Heart-shaped Addu Atoll is the southernmost atoll of the Maldives, lying just south of the equator. There are four inhabited islands and around 20 deserted islands and sandbars, home to an inviting mix of budget accommodation and luxury resorts. Addu is also an excellent dive destination thanks to an extensive barrier reef that shields the islands from storms and waves. Addu Atoll diving is incredibly diverse, with healthy reefs, energetic channels, pinnacles and drifts. It was the only atoll to be unaffected by the 1998 global coral bleaching event, and the reefs here are very healthy with plenty of marine life - including manta rays that can be seen year-round. And if that’s not enough, Addu has the largest shipwreck in the Maldives - the British Loyalty.
The atoll has plenty to keep non-divers busy as well. Hithadhoo, the capital of Addu, has a protected nature park with one of the Maldives’ largest natural lakes, home to some unique birdlife including the endemic white tern. History buffs should visit the Maldives’ oldest cemetery - Koagannu - dotted with the graves of the earliest Muslim royalty, and Gan Island, a WWII British Royal Navy base. And if you’re looking for palm-fringed beaches and azure lagoons, Addu has them both, and being so far off the tourist trail in the Maldives, you’ll most likely have the beaches to yourself.
Getting to Addu Atoll
Most guests will arrive in the Maldives at Male International Airport on Hulhule Island in North Male Atoll. Male’s airport is well-connected with international flights from across the planet, normally with a connection in the Middle East. From Male, you’ll need to take a domestic flight to Gan International Airport on Addu Atoll’s Gan Island. There are regular flights to and from Male, as well as direct flights from Colombo airport in Sri Lanka.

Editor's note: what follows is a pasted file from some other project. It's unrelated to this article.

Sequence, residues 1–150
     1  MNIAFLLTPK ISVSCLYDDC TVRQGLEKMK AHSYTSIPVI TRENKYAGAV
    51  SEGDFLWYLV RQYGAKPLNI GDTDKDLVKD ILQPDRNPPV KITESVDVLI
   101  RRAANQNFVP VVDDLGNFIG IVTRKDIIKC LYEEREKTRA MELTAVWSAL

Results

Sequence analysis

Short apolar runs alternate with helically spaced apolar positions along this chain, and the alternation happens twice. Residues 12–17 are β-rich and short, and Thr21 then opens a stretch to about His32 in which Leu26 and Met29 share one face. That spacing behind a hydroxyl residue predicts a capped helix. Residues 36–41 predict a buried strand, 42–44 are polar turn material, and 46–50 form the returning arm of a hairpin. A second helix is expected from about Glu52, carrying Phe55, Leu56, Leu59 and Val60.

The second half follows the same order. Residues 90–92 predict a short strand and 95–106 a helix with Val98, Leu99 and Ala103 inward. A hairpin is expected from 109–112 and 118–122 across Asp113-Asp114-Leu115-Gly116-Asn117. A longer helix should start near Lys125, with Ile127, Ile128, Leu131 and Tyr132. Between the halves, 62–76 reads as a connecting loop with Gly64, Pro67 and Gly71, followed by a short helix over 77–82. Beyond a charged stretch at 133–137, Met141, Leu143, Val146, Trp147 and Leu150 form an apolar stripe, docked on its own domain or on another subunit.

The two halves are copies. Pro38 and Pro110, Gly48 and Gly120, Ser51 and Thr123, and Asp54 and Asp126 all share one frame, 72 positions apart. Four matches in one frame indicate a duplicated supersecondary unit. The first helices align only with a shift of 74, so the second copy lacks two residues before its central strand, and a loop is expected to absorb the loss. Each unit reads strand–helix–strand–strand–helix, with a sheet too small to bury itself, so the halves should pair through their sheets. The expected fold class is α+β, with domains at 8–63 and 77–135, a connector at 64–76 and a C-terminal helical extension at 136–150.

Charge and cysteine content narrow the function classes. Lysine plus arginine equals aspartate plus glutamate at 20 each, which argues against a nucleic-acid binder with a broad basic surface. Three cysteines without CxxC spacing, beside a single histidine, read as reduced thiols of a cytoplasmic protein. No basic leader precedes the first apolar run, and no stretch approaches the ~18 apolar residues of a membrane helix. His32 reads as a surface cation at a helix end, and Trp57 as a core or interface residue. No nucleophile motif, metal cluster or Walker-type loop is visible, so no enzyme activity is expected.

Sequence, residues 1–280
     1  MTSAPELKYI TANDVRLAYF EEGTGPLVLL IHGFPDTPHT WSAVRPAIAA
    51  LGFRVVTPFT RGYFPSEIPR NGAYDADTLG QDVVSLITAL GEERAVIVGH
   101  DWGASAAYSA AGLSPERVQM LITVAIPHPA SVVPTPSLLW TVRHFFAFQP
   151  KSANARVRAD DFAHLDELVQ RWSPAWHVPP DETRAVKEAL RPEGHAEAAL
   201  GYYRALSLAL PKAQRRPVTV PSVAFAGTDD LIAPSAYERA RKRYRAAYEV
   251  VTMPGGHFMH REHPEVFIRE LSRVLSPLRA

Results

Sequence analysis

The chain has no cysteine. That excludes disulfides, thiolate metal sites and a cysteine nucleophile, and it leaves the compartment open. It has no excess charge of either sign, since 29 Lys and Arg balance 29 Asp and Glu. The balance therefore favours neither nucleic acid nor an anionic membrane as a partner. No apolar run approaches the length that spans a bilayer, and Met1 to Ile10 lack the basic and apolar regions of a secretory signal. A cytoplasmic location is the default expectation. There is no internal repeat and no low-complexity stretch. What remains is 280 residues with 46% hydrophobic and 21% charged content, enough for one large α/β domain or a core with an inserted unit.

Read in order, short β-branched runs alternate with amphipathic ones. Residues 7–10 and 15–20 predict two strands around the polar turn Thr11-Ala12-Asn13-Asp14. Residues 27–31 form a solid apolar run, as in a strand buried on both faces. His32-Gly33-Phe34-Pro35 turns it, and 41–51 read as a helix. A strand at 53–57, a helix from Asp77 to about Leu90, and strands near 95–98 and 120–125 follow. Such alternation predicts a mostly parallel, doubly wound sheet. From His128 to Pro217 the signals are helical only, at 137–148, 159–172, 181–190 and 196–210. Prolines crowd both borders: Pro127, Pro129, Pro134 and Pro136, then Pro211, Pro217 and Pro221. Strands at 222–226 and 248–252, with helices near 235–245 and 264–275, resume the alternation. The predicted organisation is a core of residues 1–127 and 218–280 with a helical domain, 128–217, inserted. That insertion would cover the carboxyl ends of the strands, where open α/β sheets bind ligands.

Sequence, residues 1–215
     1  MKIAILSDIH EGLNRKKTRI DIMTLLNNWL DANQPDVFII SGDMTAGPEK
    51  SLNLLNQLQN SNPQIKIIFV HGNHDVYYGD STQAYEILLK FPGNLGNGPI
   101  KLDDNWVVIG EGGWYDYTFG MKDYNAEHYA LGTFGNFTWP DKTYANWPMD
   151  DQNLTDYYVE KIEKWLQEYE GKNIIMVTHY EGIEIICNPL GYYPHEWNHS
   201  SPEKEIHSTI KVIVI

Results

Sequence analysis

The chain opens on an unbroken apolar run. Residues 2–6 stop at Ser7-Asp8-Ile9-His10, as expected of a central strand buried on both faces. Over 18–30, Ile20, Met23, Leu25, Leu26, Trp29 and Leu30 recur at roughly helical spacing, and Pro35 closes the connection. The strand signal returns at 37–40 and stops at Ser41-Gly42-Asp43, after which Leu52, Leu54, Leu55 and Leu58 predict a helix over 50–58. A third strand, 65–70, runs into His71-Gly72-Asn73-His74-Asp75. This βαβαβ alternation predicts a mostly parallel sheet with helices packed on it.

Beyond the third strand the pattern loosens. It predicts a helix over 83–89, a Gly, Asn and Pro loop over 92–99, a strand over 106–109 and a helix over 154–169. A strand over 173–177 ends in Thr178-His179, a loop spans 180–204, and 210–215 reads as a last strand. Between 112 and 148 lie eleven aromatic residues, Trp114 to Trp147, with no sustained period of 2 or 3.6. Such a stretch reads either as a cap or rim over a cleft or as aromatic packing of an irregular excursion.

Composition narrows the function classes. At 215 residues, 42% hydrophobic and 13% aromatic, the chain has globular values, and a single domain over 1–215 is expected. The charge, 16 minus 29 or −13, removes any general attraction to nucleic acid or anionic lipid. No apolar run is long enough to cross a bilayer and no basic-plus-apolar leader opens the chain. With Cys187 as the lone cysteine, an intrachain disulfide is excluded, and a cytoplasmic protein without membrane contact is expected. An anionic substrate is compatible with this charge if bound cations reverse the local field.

Once you are on Addu, you can explore Addu Atoll by car or boat and the resorts and hotels will organise your domestic travel for a stress-free transfer.
Addu's diving seasons and weather
Addu Atoll is tropical, humid and hot year-round. An abundance of sunshine and temperatures that range between 24°C to 33°C make this atoll a fantastic holiday destination for divers and non-divers alike. Water temperatures are just as inviting, lingering between 27°C and 31°C throughout the seasons. The warmest water temperatures are between January and March. Though there are distinct dry and wet seasons, visitors should be prepared for rain at any time of the year - tropical often means unpredictable! The driest season typically runs from November to April, which coincides with the main tourist season - so be sure to book in advance.
The monsoon season can bring quite a lot of rain between April and October, with the heaviest rainfall seen from June to August. However, diving is still great, and dive operators usually know which dive sites are sheltered from the weather. If you don’t mind a bit of rain, this time of year can be fruitful in other ways - plenty of deals on flights, accommodation and diving can be had! Plus, it's the low season, meaning even the most popular dive sites will have much fewer divers.
Where to stay
Travellers have a great range of accommodation to choose from. The inhabited islands around the edge of the atoll - collectively known as Addu City - are home to guesthouses and mid-range hotels, and there are a couple of five-star resorts on private islands if you are looking for some luxury. Although Addu City is the second largest urban area in the Maldives, tourism is very low key and visitors will find the atoll relaxing and inviting, wherever they stay.
For those that want to dive, eat, sleep and repeat, many liveaboard operators include Addu on their southern atoll itineraries, allowing divers to explore a greater number of dive sites throughout their holiday. These itineraries normally include Addu as the final stop, or starting point or the trip so that guests can fly out from Gan Island, Addu’s international airport.